When at the grocery store, picking healthy foods for your family can be overwhelming. There can be so many options and claims on the labels.
A lot of people look forward to over-eating during the holidays, but then feel remorse afterwards.
If you’re shopping for Thanksgiving dinner this weekend, chances are the turkey you buy comes from a Minnesota farm. The U.S. Census Bureau says Minnesota is the top turkey producing state in the country. Halvorson Farms in Morristown is busy all year round, and not just around the holidays.
Turkey time is right around the corner, and the country is in the middle of a turkey shortage. The number of birds being raised on farms in the U.S. is the lowest it’s been in nearly three decades.
Think outside the oven this Thanksgiving with these non-traditional ways to cook your turkey main dish.
Splurge this Thanksgiving and start a new tradition, ‘Friendsgiving,’ with these helpful tips.
Investigators in Willmar say they may never know what caused a mass illness inside a Jennie-O turkey plant.
Lakeville artist Stephen Hamrick has won the 2015 Minnesota pheasant stamp contest. The state Department of Natural Resources says Hamrick’s painting was chosen as the winning design from among 16 entries. Nicholas Markell of Hugo took second place while Dean Kegler of Duluth placed third.
When it comes to global gastronomy, the sandwich reigns supreme. Which is why we put together this handy guide to the world’s best/most representative national sandwiches.
f turkey sandwiches, turkey soup and turkey a la king are on your menu over weekend, it’s good to know long it’s safe to eat Thanksgiving leftovers.
The endless genius of the NFL can’t be completely quantified. But part of pro football’s popularity is burning its image in our culture and our consciousness. While baseball and basketball have their July 4 and Christmas brands, they are afterthoughts, or leftovers, compared to the NFL’s hallmark roll call.
Dave Lee’s Thanksgiving radio parade on WCCO.
Before you place a turkey at your table, one animal rights group wants you to know how some turkeys are allegedly being treated at a Minnesota farm.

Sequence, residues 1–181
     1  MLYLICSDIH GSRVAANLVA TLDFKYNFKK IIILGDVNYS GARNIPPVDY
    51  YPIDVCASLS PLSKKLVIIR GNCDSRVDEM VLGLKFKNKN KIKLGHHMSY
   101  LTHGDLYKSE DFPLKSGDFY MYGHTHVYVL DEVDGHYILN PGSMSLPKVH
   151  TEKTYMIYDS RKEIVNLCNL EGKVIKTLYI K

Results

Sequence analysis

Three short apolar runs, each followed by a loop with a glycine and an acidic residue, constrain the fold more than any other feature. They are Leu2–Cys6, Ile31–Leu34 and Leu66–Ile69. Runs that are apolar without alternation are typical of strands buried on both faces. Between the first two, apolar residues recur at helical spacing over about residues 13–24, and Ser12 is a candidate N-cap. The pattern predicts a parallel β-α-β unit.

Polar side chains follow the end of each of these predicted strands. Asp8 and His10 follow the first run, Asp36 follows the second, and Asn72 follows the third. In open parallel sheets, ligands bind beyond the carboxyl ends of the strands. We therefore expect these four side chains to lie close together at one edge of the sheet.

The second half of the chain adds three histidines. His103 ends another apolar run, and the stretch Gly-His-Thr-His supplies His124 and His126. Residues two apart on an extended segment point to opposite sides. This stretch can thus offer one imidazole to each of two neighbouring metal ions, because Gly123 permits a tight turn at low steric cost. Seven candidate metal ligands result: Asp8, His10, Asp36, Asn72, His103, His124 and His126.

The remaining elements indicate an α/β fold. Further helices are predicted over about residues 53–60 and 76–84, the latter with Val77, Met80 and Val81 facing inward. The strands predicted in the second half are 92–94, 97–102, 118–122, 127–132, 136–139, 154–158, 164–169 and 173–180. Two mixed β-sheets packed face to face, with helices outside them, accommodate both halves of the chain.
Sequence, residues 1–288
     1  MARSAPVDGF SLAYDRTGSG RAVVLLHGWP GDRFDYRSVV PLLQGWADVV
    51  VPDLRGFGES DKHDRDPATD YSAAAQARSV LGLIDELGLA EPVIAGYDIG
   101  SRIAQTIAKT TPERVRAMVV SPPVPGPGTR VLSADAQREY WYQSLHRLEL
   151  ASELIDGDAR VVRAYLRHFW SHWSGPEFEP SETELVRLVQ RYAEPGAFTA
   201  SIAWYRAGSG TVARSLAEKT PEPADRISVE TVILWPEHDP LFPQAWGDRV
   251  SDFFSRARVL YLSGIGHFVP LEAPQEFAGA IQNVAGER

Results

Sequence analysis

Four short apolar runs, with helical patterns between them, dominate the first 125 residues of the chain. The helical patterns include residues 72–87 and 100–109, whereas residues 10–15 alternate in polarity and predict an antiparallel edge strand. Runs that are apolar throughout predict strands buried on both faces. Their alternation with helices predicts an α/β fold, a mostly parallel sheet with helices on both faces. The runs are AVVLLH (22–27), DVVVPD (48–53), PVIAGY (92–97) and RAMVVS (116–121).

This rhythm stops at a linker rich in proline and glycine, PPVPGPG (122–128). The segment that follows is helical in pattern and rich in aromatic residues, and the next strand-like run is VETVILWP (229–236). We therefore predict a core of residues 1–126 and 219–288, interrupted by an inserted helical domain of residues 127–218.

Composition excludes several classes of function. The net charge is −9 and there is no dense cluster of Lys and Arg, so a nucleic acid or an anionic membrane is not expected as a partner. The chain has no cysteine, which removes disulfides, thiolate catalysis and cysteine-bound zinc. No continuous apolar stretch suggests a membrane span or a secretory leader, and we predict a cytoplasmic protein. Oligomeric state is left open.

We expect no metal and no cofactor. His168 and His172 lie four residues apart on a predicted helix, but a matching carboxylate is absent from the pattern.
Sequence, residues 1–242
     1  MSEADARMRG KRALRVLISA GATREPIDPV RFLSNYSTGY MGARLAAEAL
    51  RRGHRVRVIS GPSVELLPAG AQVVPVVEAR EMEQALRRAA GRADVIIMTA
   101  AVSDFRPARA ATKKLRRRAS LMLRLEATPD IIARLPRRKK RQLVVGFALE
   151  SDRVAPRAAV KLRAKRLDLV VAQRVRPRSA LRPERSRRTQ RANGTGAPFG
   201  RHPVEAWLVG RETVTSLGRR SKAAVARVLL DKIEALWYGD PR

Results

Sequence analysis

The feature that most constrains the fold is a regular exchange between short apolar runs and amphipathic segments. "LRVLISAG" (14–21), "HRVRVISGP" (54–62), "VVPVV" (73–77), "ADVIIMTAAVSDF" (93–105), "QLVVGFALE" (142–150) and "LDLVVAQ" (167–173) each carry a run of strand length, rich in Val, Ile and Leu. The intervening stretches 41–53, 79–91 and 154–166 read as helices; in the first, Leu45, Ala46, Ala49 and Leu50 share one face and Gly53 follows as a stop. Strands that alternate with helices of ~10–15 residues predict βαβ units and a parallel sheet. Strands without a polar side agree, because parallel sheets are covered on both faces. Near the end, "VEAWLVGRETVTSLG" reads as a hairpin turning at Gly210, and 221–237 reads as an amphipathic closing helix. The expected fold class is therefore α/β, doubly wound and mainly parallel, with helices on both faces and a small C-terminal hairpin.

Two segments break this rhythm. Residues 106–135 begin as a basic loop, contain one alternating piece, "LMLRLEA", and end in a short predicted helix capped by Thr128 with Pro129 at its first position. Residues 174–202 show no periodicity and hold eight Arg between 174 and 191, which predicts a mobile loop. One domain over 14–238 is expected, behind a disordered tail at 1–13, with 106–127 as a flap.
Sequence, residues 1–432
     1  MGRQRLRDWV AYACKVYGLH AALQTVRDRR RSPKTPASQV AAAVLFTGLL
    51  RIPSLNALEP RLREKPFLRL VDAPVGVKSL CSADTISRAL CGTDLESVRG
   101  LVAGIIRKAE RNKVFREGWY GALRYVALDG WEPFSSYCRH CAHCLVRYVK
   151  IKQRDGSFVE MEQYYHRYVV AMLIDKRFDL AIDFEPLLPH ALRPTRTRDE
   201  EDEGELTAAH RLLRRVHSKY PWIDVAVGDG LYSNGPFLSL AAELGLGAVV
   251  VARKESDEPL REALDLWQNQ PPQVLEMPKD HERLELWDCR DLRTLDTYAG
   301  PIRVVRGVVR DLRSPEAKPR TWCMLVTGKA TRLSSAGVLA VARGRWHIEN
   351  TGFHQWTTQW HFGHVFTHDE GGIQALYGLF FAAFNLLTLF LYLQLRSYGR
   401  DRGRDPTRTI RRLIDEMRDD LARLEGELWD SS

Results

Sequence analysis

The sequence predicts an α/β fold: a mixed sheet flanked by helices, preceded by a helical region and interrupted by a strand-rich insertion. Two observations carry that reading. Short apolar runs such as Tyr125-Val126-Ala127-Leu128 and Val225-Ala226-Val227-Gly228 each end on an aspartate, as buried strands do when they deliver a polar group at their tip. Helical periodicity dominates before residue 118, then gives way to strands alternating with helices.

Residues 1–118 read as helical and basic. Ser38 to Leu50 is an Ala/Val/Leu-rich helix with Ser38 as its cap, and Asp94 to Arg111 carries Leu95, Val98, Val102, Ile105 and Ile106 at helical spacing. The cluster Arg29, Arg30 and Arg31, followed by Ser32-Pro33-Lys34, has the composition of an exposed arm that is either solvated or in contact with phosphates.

With Thanksgiving coming up in just over a week, grocery stores are stocked up right now. The number of choices we have when it comes to turkeys can be a bit daunting, and so can the variety of methods for cooking them.
Why is an entire high school class heading to The White House? It’s all in the name of turkey!
Just in time for Thanksgiving, the nation’s top turkey producer is coming up a little short. Butterball, based out of North Carolina, told retailers that orders for fresh 16-pound turkeys and larger have been cut in half. The shortage is nationwide. Woody Hunt, manager of Rainbow Foods in St. Louis Park, says 40 years ago, Butterball was like the “Cadillac of turkeys.” “Everybody wanted a Butterball, and if you didn’t have a Butterball on your table you couldn’t brag to your neighbors that you had the best turkey,” Hunt said.
It’s the main attraction at your Thanksgiving table and likely one of the most highly judged foods you cook all year: the turkey. If you want only praise this Thanksgiving, the secret is in the brining.
Being gluten free is more than just a fad. Find out how to enjoy a big Thanksgiving meal without upsetting your body from Minnesota chef Zachary Shea Wentzel.
A Washington County Sheriff’s Commander is in the hospital after being shot by a turkey hunter in western Wisconsin, according to the St. Croix County Sheriff’s Office.
When it comes to holiday meals, Minnesotans have their go-to recipes that have withstood the test of time. But sometimes it’s fun to switch it up. Chef Peter Makens shares his traditional holiday recipe for brining the turkey along with his prized sweet potato gratin recipe and some tips that can be useful when the time comes to play holiday host or hostess.
Gov. Mark Dayton has given a Minnesota turkey its walking papers just in time for Thanksgiving.
The Thanksgiving holiday is just a few days away, so will the weather allow you to get outside and throw the football around before gobbling up that turkey or will frigid conditions have you sidelined by the living room fireplace — watching football on the tube?
You’ve slept off the turkey, you’re not interested in battling crowds on Black Friday, but you have free time and possibly family and friends to entertain. What is there to do this weekend? Plenty. Here is just a sampling of events taking place around the state in the days after Thanksgiving.
A beloved turkey that went by the name Roger was known by everyone in the northwestern Minnesota town of Glyndon.
When every penny counts for many families, the cost of Thanksgiving doesn’t leave many people “thankful.”